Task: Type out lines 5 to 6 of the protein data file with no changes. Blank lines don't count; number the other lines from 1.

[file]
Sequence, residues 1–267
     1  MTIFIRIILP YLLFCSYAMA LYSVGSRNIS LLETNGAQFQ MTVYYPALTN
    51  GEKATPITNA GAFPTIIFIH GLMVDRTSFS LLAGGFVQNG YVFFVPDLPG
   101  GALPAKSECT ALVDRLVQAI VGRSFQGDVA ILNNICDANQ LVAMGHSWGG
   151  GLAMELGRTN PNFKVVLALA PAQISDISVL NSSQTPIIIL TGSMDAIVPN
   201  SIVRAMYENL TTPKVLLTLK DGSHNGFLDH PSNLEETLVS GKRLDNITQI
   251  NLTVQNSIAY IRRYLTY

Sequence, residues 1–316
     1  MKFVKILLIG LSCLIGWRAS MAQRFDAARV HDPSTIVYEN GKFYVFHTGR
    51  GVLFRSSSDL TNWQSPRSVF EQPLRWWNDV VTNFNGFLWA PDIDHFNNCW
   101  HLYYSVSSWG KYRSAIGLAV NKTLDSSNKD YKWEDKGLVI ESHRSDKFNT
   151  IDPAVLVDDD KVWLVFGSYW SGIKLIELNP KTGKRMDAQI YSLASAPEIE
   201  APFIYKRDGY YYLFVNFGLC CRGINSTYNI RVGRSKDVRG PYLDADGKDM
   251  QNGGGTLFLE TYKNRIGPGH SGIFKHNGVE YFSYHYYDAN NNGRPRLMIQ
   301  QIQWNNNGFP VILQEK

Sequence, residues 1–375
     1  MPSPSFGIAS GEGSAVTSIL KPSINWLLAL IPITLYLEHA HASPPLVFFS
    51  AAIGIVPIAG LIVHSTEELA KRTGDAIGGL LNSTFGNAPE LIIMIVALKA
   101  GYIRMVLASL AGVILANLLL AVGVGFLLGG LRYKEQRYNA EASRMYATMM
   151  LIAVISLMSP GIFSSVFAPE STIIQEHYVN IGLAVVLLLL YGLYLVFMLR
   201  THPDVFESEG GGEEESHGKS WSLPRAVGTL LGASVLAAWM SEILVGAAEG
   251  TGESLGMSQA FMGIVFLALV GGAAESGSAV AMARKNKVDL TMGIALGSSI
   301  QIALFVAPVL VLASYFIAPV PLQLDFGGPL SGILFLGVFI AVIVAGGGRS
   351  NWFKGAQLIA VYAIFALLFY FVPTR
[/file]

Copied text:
   151  GLAMELGRTN PNFKVVLALA PAQISDISVL NSSQTPIIIL TGSMDAIVPN
   201  SIVRAMYENL TTPKVLLTLK DGSHNGFLDH PSNLEETLVS GKRLDNITQI